What will be L.A.’s High Line? How We Roll, August 7

Dept. of Video: Pretty cool — the western side of the new Sixth Street Viaduct — coming in 2020 — will serve the booming Industrial District in DTLA.

Speaking of the Industrial District….

 

Photo by Steve Hymon/Metro.

Checked out Row DTLA on Sunday (at 7th and Alameda) and their behemoth new 10-story parking garage — let’s just say the developers obviously have faith in L.A. staying a car town!

Row DTLA is the old L.A. Terminal Market building that is being converted to retail and creative space. It’s already home to Smorgasburg and seems to be shaping up nicely, although most of the retail spaces remain unoccupied.

Three thoughts:

•The ROW DTLA website says they’ll be running shuttles to both Union Station and 7th/Metro to better connect visitors to transit. So that’s good.

•The Union Station to Artesia light rail project (known as the West Santa Branch Corridor) is looking at four routes in DTLA. Two would have stations at 7th/Alameda, two would be in between Alameda and the L.A. River. More here. With a bunch of big developments in the pipeline for the Industrial District, this project is going to supply a much-needed north-south connection to the Metro Rail system.

•That Sixth Street Viaduct looks great. But here’s my question: what’s L.A.’s version of the High Line that has been wildly popular in New York? The High Line took an old elevated freight railway and turned it into a park. Is something like that possible at ground level in the Arts and Industrial District where a few old railroad spurs remain (and are typically used for parking)?

New York City High Line Park

The High Line in Gotham. Photo by Craig Dietrich, via Flickr creative commons.

Perhaps the Rail to River project is our High Line. That will convert a stretch of the old Harbor Subdivision tracks between Inglewood and the L.A. River to a walk/bike path. It’s a cool project but not in DTLA.

Dodger Stadium Express update: The bus to the ballpark from Union Station and Harbor Gateway is expected to being rolling deep into October. The World Series begins Oct. 24. The Dodgers are currently eight games ahead of the Astros for the best record in baseball and home field advantage in the Fall Classic. Meaning the Dodgers will be at home for Games 1 and 2 of the World Series on Oct. 24 and 25.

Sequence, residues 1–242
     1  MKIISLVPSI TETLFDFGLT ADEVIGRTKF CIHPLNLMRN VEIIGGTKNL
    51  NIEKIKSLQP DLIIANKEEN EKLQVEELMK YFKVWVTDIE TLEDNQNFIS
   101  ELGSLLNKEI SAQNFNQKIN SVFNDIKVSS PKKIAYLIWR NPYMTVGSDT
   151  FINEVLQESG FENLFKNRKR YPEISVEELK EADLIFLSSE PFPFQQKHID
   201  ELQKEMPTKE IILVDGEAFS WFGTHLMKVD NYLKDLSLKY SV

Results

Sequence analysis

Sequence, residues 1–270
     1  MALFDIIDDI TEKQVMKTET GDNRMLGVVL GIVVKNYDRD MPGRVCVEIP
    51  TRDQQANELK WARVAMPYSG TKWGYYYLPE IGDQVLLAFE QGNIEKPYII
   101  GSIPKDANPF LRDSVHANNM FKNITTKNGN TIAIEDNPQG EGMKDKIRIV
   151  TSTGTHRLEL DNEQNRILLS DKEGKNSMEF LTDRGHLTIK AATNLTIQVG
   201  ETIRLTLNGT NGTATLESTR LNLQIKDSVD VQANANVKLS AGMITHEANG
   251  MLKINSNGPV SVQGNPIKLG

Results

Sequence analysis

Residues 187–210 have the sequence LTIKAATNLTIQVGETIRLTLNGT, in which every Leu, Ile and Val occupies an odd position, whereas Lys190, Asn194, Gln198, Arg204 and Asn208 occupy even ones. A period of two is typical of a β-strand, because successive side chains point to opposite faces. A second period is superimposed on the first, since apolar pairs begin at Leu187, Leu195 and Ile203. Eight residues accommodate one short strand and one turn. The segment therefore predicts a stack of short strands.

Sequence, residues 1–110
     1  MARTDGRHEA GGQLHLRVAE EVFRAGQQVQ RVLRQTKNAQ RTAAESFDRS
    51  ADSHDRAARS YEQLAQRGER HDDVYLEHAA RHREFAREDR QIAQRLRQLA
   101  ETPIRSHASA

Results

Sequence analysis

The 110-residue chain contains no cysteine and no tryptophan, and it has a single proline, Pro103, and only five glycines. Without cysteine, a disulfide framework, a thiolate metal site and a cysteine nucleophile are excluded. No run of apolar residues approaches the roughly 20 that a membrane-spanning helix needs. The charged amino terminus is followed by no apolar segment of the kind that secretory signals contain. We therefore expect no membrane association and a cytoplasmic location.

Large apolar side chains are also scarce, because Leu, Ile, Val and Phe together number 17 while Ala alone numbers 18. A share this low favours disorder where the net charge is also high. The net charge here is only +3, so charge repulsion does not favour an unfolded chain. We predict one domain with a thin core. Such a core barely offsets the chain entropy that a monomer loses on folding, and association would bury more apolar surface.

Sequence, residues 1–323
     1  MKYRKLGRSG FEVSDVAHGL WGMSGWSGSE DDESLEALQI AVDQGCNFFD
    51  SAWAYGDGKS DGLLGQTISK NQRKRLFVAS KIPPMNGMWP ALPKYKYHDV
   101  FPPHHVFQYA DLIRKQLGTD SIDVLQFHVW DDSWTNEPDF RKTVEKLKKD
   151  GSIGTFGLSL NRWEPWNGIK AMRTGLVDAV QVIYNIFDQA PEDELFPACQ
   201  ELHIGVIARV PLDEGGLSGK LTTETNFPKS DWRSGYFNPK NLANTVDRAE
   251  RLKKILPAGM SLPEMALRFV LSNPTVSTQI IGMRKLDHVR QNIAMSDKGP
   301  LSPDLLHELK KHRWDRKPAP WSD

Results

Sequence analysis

The Dodgers are currently winning 71.2 percent of their games. The math suggests that they should win a seven-game series in five games — meaning the Dodgers will likely win the World Series on the road, perhaps in Beantown, the Bronx or Houston.

While I cannot honestly say that I am the biggest Dodger fan, as a kid I did bear witness to the Cincinnati Reds destroying the rest of the National League in similar fashion in 1975. So I totally get the excitement. It’s fun to see a team walk through the majors like Michonne walks through a field of biters. She hasn’t lost yet.

And this….with the Dodgers probably facing Arizona or Colorado in the Division Series, there remains a chance that the team with MLB’s highest salary could face the league’s lowest salaried team in the NLCS if the Brewers win the NL Central and beat Washington in the other Division Series. That might be fun. Plus, Milwaukee jokes.

The Dodgers success extends to their farm teams, btw. Check out the way that Great Lakes ended a 39-game hitting streak by an opponent last week! High five to that, eh?

#DodgersSweep! FINAL: #Dodgers 8, Mets 0

A post shared by Los Angeles Dodgers (@dodgers) on

 

Football express: Both the L.A. Rams and the L.A./Carson Chargers open their preseasons at home this weekend. The Rams host the Dallas/Arlington Cowboys on Saturday evening at the Coliseum with the Chargers making their StubHub Center debut on Sunday afternoon/evening against the Seahawks. The Coliseum, of course, is easy to reach via the Expo Line and Silver Line. News on shuttle buses between Metro Rail and StubHub Center will be burping forth very soon, I’m told.

The Raiders ninth home game of the season — in Carson — is at 1:30 p.m. on New Year’s Eve, btw.

What will Los Angeles transit be like when the Olympics arrive in 2028? (LAT)

L.A.’s Olympics probably won’t mean much for Los Angeles transit (Urbanize LA)

Nice roundup of transit projects on the docket in the LAT as well as a look at some traffic issues. As reporter Laura Nelson points out, one reason that traffic was light during the ’84 Games was that local officials used the old scare-tactic route, repeated with success during Carmageddon and its sequels.

Over at Urbanize, Scott Frazier predicts that due to a confluence of factors — most notably a dearth of federal $s — other transit projects probably won’t get accelerated just because of the Games. Metro is looking at some possible deals with the private sector and those deals, as we’ve said before, aren’t the easiest thing in the world to put together. But stay tuned!